How do you differentiate #f(x)=ln(sinx)/cosx# using the quotient rule?
The quotient rule states that
Find each derivative separately:
To differentiate the natural logarithm function, use the chain rule, which for a natural logarithm function states that
As for the other derivative,
Plugging these both back in, we see that
This can be written as
As with many trigonometric functions, this can be rewritten in many ways, including
By signing up, you agree to our Terms of Service and Privacy Policy
To differentiate ( f(x) = \frac{\ln(\sin x)}{\cos x} ) using the quotient rule:
 Apply the quotient rule, which states that for a function ( \frac{u}{v} ), the derivative is given by ( \frac{u'v  uv'}{v^2} ).
 Let ( u = \ln(\sin x) ) and ( v = \cos x ).
 Compute ( u' ) and ( v' ) as the derivatives of ( u ) and ( v ) with respect to ( x ), respectively.
 Substitute ( u' ), ( v' ), ( u ), and ( v ) into the quotient rule formula.
 Simplify the expression.
Therefore, the derivative ( f'(x) ) of ( f(x) ) with respect to ( x ) is given by:
[ f'(x) = \frac{\frac{d}{dx}(\ln(\sin x))\cdot \cos x  \ln(\sin x) \cdot \frac{d}{dx}(\cos x)}{\cos^2 x} ]
Then, compute the derivatives of ( \ln(\sin x) ) and ( \cos x ) with respect to ( x ) using the chain rule and simplify the expression.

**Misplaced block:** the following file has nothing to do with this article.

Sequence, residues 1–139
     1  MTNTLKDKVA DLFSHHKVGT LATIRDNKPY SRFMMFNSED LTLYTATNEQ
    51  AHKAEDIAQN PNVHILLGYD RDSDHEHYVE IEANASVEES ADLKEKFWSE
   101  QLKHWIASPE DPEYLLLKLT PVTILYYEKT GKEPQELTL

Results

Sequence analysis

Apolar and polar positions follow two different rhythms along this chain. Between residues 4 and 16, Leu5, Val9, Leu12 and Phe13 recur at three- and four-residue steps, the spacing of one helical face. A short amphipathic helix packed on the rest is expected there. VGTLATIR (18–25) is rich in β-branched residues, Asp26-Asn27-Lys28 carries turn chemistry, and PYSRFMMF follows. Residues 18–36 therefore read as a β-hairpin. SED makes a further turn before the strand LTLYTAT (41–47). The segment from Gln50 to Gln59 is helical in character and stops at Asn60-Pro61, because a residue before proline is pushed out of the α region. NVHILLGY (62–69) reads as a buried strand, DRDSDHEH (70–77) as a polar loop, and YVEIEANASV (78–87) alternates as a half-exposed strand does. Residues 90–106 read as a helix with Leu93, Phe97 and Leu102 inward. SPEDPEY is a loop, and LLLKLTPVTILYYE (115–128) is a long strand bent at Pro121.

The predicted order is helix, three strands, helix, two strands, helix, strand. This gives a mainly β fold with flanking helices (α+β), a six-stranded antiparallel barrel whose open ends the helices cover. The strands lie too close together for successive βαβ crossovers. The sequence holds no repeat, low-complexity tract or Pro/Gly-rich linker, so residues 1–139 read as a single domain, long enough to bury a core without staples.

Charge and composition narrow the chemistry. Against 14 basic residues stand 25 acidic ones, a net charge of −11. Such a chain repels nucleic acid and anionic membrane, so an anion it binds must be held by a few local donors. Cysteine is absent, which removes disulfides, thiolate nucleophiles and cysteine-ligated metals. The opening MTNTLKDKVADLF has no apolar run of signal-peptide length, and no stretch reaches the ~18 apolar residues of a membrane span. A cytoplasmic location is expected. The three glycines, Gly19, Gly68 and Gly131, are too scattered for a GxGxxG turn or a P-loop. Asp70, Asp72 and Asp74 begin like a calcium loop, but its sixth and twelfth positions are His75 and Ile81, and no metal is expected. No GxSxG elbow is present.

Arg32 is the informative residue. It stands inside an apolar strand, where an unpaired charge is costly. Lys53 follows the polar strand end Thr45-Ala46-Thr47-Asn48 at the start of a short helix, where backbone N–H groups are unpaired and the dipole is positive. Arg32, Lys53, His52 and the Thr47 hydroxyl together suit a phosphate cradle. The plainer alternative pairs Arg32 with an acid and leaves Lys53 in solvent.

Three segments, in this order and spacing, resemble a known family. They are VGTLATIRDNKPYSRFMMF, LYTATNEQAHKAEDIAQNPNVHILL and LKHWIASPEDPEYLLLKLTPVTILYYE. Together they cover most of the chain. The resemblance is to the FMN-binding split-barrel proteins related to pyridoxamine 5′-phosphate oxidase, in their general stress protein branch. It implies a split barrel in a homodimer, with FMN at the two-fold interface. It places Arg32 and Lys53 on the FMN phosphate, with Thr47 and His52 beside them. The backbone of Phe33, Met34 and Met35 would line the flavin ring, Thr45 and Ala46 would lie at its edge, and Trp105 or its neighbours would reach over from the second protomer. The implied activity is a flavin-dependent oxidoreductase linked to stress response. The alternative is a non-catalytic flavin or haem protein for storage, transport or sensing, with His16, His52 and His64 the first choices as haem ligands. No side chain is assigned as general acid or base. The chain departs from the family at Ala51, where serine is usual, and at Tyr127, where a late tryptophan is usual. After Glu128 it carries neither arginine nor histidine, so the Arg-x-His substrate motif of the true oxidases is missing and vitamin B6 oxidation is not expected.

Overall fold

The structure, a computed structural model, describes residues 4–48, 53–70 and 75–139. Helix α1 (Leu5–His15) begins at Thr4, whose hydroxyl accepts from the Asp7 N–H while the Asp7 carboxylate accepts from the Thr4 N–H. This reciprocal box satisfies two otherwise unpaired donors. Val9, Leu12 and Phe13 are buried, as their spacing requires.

By signing up, you agree to our Terms of Service and Privacy Policy
To differentiate ( f(x) = \frac{\ln(\sin(x))}{\cos(x)} ) using the quotient rule:

Identify ( u ) and ( v ) as the numerator and denominator, respectively. ( u = \ln(\sin(x)) ) and ( v = \cos(x) ).

Apply the quotient rule: [ f'(x) = \frac{u'v  uv'}{v^2} ]

Find the derivatives of ( u ) and ( v ): [ u' = \frac{1}{\sin(x)} \cdot \cos(x) = \frac{\cos(x)}{\sin(x)} ] [ v' = \sin(x) ]

Substitute ( u ), ( v ), ( u' ), and ( v' ) into the quotient rule formula: [ f'(x) = \frac{\frac{\cos(x)}{\sin(x)}\cos(x)  \ln(\sin(x))(\sin(x))}{\cos^2(x)} ]

Simplify the expression: [ f'(x) = \frac{\cos^2(x) + \ln(\sin(x))\sin(x)}{\sin(x)\cos^2(x)} ]
By signing up, you agree to our Terms of Service and Privacy Policy
When evaluating a onesided limit, you need to be careful when a quantity is approaching zero since its sign is different depending on which way it is approaching zero from. Let us look at some examples.
When evaluating a onesided limit, you need to be careful when a quantity is approaching zero since its sign is different depending on which way it is approaching zero from. Let us look at some examples.
When evaluating a onesided limit, you need to be careful when a quantity is approaching zero since its sign is different depending on which way it is approaching zero from. Let us look at some examples.
When evaluating a onesided limit, you need to be careful when a quantity is approaching zero since its sign is different depending on which way it is approaching zero from. Let us look at some examples.
 98% accuracy study help
 Covers math, physics, chemistry, biology, and more
 Stepbystep, indepth guides
 Readily available 24/7